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Original Research

Clinical Outcomes of Intravenous Ketamine Treatment for Depression in the VA Health System

Paul N. Pfeiffer, MD; Jamarie Geller, MD; Dara Ganoczy, MPH; Jennifer Jagusch, MSW; John Carty, MD; Fe Erlita D. Festin, MD; William S. Gilmer, MD; Brian Martis, MD; Mohini Ranganathan, MD; Ilse R. Wiechers, MD; and Avinash Hosanagar, MD

Published: January 8, 2024


Objective/Background: Intravenous (IV) ketamine is effective for reducing symptoms of major depressive disorder in short-term clinical trials; this study characterized clinical outcomes of repeated infusions in routine clinical practice and the frequency and number of infusions used to sustain symptom improvement.

Methods: Records of IV ketamine infusions for depression and associated Patient Health Questionnaire-9 (PHQ-9) scores were identified from Veterans Health Administration (VA) electronic medical records for patients treated in Fiscal Year 2020 and up to 12 months following the date of their first infusion.

Results: Sample patients (n = 215) had a mean baseline PHQ-9 score of 18.6 and a mean of 2.1 antidepressant medication trials in the past year and 6.1 antidepressant trials in the 20 years prior to their first ketamine infusion. Frequency of infusions decreased from every 5 days to every 3–4 weeks over the first 5 months of infusions, with a mean of 18 total infusions over 12 months. After 6 weeks of treatment, 26% had a 50% improvement in PHQ-9 score (response) and 15% had PHQ-9 score ≤ 5 (remission). These improvements were similar at 12 and 26 weeks. No demographic characteristics or comorbid diagnoses were associated with 6-week PHQ-9 scores.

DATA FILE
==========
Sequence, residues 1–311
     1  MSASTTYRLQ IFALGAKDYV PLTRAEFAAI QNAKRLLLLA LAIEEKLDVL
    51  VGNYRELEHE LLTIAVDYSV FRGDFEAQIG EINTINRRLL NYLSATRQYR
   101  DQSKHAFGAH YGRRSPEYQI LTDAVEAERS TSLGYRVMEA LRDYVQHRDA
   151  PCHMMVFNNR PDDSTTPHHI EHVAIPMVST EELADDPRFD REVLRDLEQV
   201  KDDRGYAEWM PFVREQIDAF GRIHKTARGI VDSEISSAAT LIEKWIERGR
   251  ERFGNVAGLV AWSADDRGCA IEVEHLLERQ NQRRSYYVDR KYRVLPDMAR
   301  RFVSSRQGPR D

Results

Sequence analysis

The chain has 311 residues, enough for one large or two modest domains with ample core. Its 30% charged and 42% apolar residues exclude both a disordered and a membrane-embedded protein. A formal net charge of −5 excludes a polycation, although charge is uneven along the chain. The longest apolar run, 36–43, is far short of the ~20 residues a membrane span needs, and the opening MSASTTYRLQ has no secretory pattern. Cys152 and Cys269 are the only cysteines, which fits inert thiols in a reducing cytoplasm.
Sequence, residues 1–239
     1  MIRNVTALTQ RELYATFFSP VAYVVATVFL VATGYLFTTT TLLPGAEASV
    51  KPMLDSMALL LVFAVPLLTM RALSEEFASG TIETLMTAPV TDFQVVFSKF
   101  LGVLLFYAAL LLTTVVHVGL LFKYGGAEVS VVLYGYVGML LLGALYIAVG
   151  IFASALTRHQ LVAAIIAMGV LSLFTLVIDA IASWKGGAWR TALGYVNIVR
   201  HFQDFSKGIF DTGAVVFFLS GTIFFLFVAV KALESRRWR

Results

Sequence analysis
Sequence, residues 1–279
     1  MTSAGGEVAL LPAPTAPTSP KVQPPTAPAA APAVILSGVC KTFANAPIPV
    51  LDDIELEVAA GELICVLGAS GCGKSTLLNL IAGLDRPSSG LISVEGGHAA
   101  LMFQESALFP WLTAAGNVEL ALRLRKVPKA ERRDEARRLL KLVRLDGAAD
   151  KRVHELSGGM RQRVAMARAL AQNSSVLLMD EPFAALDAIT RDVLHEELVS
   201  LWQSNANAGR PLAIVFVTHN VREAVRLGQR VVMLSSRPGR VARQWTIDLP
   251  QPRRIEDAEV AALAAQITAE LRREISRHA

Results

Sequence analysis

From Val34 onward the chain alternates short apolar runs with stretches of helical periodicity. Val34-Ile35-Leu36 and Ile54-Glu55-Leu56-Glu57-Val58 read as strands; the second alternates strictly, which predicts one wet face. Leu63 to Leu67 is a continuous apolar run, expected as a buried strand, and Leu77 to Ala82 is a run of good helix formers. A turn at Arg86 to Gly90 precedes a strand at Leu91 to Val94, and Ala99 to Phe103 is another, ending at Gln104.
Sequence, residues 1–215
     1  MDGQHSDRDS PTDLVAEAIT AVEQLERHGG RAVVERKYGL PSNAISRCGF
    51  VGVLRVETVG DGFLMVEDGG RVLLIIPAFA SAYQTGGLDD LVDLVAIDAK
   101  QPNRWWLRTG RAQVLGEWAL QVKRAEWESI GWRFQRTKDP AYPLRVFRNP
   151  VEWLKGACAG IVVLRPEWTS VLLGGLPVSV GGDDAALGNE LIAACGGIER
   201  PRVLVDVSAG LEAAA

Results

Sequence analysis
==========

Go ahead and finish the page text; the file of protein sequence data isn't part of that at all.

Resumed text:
Conclusions: While only a minority of patients treated with IV ketamine for depression experienced response or remission, symptom improvements achieved within the first 6 weeks were sustained over at least 6 months with decreasing infusion frequency. Further study is needed to determine optimal infusion frequency and potential for adverse effects with repeated ketamine infusions for depression.

J Clin Psychiatry 2024;85(1):23m14984

Author affiliations are listed at the end of this article.

Volume: 85

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